Ben Hollister                Sally Garrison
Robert W. Austin                Janice M. Sellers
Audrey Nicholson                Peter Norton
The Memorial Wall is located in the Original Headquarters Building lobby on the north
wall. There are 103 stars carved into the white Vermont marble wall, each one
representing an employee who died in the line of service. Paramilitary officers of the
CIA's Special Activities Division comprise the majority of those memorialized.

A black Moroccan goatskin-bound book, called the "Book of Honor," sits in a steel
frame beneath the stars, its "slender case jutting out from the wall just below the field
of stars," and is "framed in stainless steel and topped by an inch-thick plate of glass."
“The stars on the Memorial Wall are to us more than symbols, more
than history. They are a priceless part of who we are. They are the
colleagues and leaders who define us—in dedication and in sacrifice.
It is in this new century their mission we seek to accomplish. And it
is their commitment of which we seek to be worthy.”

—Deputy Director John E. McLaughlin
June 2001

“When we move on—whether to another chapter in our careers or
our lives—we never lose the distinct sense of pride in belonging to
such a storied and exceptional organization. Nor do we ever forget
having been in the company of such remarkably talented men and
women, especially those we honor today, whose deeds are immortal.
We see, in our mind’s eye, these deep-cut stars engraved in marble,
and we know that we always will be part of something noble and

—Director Porter J. Goss
May 2006
Comments from Our Readers
Fortunately for us Quizmasters, you didn't get the job [you applied for with the CIA].  
If you had, and then started your weekly quiz venture, you might have had to kill us if
we figured it out. LOL                                                                        
Daniel Jolley

I recognized the wall right away - from movies.  Looked up that there are now 103
Debbie Johnson

If you took the picture when you interviewed, it was some time in 1972. The 33rd star
was entered in 1972 for Raymond L. Seaborg. An interesting wall.     
Arthur Hartwell

N.B.  No I didn't take the pic.  I found it somewhere on the internet.  I interviewed in
1984.  And anyway, you need to do your homework.  The Wall was not created until
1974, with 33 stars.  Some of the stars were retro-active.                              -Q. Gen.

Reading some of the heroic events brings to mind how many true US Patriots are
still trying to preserve the American Way.                                                   
Jim Kiser

Made me a little nervous to be doing so much research on the CIA :-)
Tish Olshefski
Another 30 second puzzle solve.  It took longer to cut and past the data that to solve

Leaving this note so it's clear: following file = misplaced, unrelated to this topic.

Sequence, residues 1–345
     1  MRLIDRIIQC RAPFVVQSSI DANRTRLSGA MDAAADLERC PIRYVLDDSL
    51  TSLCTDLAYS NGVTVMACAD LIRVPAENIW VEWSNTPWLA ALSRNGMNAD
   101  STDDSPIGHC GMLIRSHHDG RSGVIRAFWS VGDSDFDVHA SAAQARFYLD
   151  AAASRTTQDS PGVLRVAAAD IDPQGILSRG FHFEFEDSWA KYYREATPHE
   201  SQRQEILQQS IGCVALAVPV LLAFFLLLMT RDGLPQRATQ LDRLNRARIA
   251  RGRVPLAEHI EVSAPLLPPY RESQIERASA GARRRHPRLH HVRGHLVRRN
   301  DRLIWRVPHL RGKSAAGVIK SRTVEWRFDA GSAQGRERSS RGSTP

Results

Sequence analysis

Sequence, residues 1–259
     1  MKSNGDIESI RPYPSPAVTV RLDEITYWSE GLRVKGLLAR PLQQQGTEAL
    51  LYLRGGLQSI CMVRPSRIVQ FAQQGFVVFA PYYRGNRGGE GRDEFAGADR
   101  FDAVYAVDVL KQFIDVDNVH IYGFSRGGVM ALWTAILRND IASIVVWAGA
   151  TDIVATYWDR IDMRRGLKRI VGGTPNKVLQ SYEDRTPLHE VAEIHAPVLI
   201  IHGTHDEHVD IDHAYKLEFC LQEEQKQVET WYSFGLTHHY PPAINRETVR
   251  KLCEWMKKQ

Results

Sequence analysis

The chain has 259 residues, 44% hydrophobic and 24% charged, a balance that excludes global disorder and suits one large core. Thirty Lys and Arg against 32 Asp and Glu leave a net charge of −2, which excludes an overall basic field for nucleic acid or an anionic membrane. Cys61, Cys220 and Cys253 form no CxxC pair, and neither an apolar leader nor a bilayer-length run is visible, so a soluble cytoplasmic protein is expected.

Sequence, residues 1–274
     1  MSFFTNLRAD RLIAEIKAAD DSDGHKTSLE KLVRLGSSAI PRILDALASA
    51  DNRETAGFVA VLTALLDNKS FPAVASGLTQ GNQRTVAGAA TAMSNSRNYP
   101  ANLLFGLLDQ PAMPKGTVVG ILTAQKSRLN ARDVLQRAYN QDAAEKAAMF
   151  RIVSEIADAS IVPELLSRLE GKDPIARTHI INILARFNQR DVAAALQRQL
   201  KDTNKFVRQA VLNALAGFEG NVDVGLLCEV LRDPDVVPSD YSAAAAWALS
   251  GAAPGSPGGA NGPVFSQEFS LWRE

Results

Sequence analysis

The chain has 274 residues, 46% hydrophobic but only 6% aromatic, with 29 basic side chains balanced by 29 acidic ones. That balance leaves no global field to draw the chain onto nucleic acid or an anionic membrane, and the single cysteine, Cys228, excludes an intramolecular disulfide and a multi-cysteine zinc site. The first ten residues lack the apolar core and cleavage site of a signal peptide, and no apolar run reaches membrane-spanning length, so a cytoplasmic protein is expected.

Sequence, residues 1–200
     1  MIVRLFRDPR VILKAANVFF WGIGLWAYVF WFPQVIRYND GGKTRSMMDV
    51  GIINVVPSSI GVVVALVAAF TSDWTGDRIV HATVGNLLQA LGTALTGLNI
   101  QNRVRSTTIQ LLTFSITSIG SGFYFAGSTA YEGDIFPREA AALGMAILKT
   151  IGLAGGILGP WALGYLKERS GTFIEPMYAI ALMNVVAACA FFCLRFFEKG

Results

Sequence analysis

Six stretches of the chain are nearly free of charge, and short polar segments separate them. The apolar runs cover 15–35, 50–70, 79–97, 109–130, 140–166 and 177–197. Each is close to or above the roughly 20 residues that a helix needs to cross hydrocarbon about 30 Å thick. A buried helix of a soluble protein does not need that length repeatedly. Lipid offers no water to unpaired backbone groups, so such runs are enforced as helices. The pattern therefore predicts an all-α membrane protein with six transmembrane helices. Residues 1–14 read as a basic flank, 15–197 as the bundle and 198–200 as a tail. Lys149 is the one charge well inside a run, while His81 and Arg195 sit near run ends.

this one. These quizzes are getting too easy!  lol                                
Stephen P. Hall

That wasn't easy. According to the CIA there were 50 on the wall in 1987, and if you
add the stars from 1988 and 1989 in the Book of Honor, that makes 59. However if you
count all of the stars up to 1990 in the Book of Honor, there are 66. It doesn't look like
any extra stars have been fitted in, so I'm not sure. Of course it may take a while for
the HMAB to make decisions and recommendations and for names to be added, so at
least 50 and no more than 66. I'm sure there is a better answer, but I haven't found it.
Ben Hollister
There were 50 in May of 1987. The Agency lost nine employees prior to 1990, so the
number should be 59.

I'm not sure my math adds up, though. I couldn't find a photograph of the wall in 1990,
or any contemporaneous news articles for that year, and based on the list of the fallen
in the Wikipedia article, the number should be 53 in 1987, and not 50. The number was
70 in 1997, but according to my math, the number should have been 71. It looks like
during this period some earlier names that weren't included before had stars
carved for them.

So, without spending quite a bit more time on this, I'm going to have to stick with 59.
Robert Austin
FYI - My dad was retired OSS, WWII cryptographer in the European Theater.
Audrey Nicholson
When I saw your stars on the wall, I thought it had something to do
with Homeland Security, DIA, CIA, FBI or even NSA. So I went to
Google and typed in Stars on Wall FBI, Stars on Wall DIA, Stars on
Wall NSA and Stars on Wall CIA. I finally hit pay dirt. I found a CIA
page on the History of the Wall.

Then I went back to Google and found a Wikipedia page on the
History of the Wall, and it had a newer photo of the wall.

I thought I was done, but then I realized that your question of how
many stars on the wall in 1990 was not correct.

Back to Google, Images, and I typed in History of the Wall CIA 1990,